The year is almost over, for crying out loud. I need to try to be more aware of things before they happen. (Cut to me continuing to forget to wish each of you a happy birthday on Facebook until you’ve posted a “Thank you all for the birthday wishes” message that seems passive-aggressively pointed at me and then it’s just plain awkward.)
The truth is this time of year is one that I simultaneously look forward to and dread. As an avid moviegoer the October through December calendar is always jam-packed; but as a person who is paralyzed by the appearance of any college or professional football game on television it is a high-wire act trying to schedule movie time around couch potato time. And as a person with an English degree it is important that I squeeze in time to drive for Lyft, GrubHub, Amazon, Postmates or for some new side gig that any one of you would be welcome to private message me about.
This is, of course, to say nothing of the annual War on Christmas/War on Christianity in which I have taken a leadership role. (If you’re wondering, we’ve combined the two wars in order to cut overhead and maximize volunteer efforts.) It crept up on me especially fast this year, as I was still juggling my responsibilities as Corresponding Secretary for the newly announced War Against the Flag. That’s a position that sounds fun until you realize it is mostly trolling losers on the Internet and making tamales for the retreat because that’s what everyone else wanted even though you said it would be easier to order a bunch of pizzas.
On top of all this insanity, the holidays are a time of year that I simply try to get through without any scars. It’s not because of seasonal depression and anxiety. Although my bouts with those troubles have already been documented, many of my less tactful friends and acquaintances are quick to point out that I am a miserable person 12 months out of the year. My curmudgeon-y ways in March are no different in December. At least that’s what I am told.
My real dread for this time of year is dealing with all the invites to dinners, parties, dinner parties and party dinners. It’s one thing in the middle of July to politely decline an invitation to a pool party – which is something I totally get invited to all the time, by the way – but worming out of a holiday gathering is not so easy.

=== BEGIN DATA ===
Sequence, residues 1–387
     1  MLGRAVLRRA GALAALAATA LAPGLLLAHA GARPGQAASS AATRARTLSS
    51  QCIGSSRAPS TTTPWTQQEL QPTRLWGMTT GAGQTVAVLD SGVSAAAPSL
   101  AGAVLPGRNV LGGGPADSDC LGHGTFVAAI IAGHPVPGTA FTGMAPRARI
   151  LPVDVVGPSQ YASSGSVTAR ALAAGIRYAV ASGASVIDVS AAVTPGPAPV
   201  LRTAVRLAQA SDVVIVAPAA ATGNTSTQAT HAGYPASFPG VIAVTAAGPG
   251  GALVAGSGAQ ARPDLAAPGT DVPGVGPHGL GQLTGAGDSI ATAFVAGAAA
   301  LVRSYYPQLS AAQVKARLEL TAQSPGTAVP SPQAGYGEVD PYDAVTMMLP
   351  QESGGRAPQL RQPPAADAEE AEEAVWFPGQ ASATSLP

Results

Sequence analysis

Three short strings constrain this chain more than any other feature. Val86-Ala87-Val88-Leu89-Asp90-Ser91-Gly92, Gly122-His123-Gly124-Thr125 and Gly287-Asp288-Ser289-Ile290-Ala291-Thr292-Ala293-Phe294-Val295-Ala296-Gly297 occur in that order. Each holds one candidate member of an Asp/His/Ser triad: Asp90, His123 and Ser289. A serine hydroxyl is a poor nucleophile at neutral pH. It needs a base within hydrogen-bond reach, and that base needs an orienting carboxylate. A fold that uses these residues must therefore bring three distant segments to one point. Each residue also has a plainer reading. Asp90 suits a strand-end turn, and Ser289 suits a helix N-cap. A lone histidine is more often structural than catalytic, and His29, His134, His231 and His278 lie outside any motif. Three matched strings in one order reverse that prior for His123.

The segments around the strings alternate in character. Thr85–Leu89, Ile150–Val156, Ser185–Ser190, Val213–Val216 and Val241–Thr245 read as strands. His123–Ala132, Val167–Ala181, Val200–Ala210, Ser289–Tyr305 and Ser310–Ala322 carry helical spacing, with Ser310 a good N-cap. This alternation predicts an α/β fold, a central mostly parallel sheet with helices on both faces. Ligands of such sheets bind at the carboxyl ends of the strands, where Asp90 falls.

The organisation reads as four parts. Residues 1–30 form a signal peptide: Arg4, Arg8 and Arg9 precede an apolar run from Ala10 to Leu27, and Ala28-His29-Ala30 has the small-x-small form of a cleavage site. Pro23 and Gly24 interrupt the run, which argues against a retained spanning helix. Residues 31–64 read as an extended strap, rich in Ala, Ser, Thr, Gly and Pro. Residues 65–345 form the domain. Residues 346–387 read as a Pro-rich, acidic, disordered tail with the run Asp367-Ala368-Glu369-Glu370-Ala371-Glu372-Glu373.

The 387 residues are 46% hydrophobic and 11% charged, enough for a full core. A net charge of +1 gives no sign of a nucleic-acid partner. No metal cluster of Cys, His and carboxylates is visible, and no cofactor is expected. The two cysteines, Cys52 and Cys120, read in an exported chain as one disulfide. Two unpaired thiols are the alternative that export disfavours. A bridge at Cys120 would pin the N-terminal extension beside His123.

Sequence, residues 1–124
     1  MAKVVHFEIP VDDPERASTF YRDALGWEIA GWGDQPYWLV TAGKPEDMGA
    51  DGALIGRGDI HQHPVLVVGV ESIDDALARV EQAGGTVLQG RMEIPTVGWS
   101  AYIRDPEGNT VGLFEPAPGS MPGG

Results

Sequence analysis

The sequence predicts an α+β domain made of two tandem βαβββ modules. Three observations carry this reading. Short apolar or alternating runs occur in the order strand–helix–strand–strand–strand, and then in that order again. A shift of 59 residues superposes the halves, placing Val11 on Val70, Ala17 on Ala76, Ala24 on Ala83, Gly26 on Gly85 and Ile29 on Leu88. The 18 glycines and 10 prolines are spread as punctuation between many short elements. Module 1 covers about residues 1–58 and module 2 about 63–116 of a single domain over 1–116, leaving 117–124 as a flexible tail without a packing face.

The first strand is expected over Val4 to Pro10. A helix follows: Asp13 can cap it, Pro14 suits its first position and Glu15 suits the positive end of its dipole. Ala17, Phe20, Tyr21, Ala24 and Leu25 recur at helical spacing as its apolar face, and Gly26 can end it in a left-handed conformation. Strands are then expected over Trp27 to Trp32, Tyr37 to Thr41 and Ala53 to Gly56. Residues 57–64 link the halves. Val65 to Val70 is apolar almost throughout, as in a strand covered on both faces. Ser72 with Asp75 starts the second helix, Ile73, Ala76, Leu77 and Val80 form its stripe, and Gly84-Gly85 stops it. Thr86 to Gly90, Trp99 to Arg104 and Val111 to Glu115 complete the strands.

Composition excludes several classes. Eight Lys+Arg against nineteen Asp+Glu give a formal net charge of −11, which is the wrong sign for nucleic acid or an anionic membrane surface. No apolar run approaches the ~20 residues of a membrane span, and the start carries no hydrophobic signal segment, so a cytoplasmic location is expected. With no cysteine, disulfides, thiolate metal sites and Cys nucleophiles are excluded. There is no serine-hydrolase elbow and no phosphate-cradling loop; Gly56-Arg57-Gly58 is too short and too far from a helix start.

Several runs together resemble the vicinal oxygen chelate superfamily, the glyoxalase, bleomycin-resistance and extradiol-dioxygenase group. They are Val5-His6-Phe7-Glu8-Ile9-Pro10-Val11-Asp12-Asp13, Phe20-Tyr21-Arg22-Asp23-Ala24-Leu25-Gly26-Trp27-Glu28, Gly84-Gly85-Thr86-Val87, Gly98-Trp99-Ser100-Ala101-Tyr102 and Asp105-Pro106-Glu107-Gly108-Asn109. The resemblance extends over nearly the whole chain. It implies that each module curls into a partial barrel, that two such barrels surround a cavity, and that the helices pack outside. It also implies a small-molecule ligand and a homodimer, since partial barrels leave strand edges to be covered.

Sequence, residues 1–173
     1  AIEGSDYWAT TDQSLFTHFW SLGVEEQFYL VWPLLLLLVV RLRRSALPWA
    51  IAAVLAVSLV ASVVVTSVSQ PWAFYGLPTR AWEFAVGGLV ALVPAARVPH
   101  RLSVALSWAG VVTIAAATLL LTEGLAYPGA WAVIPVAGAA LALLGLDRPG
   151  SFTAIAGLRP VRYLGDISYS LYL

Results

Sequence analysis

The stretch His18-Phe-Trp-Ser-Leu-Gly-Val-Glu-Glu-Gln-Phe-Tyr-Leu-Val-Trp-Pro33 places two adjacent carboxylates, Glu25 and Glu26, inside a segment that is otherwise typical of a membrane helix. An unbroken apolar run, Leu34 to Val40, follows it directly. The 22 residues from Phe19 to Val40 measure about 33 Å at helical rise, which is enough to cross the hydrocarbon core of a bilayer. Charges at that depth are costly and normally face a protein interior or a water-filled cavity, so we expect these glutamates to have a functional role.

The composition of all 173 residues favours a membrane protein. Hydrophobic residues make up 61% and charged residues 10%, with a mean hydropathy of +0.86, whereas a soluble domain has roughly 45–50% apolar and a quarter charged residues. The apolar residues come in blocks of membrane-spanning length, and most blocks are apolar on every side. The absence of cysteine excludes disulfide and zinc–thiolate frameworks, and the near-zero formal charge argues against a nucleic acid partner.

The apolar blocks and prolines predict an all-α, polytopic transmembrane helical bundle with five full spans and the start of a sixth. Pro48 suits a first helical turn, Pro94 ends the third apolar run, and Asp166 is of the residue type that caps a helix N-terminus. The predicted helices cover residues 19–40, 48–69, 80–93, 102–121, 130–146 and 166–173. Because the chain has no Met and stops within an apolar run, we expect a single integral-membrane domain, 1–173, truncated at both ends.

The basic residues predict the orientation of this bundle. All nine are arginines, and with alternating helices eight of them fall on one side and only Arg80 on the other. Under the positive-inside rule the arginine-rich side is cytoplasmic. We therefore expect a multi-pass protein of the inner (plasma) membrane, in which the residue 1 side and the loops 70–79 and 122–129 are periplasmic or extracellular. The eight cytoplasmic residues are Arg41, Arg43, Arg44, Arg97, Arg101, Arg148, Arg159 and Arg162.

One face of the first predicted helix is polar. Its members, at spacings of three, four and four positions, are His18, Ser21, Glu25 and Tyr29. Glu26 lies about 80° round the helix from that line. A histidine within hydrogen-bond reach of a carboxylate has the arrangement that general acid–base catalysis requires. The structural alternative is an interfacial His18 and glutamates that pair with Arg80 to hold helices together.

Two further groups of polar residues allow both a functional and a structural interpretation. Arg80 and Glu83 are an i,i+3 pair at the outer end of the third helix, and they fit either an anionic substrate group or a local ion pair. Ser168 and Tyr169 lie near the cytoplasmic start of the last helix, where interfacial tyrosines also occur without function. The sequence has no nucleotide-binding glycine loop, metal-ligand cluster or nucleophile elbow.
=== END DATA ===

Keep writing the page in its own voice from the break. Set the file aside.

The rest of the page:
First of all, there’s the sheer number of events that makes managing excuses terribly problematic. If Person A talks to Person B and they both compare notes with Person C, and they all discover I used the “working overtime” excuse they’d definitely become suspicious since they probably know I’m not exactly a workaholic. As a result, I end up attending at least one event, if for no other reason than to use that event as an excuse to not attend the next.
This brings me to my second point: I am mentally and physically tired. Like, all the time.
Making commitments that I must follow through with means being even more tired. Yes – I get tired from sitting in a chair for eight hours. So, if I am considering accepting an invitation for an after-work Wednesday event, I need to make sure I am not doing anything Tuesday or Thursday. Having things to do two nights in a row could have disastrous effects on my biorhythms.
Finally, let me tell you about the good-byes. I loathe the good-bye routine during which every Darren, Kyle, Brenda and Robin requires a parting salutation and even a hug. “We should get together soon,” says the person whose name I can barely remember. By the time I get through the series of good-byes and so-longs, the line at Charlie’s taco stand has doubled in size. That’s why I prefer to employ a tactic most of my friends and family refer to as “pulling a Buddy.” I just disappear. I could tell you the many tips and tricks of perfecting this craft, but I like to keep them close to the vest.
None of this means I don’t like to be invited to your party. Everybody likes to be invited, right?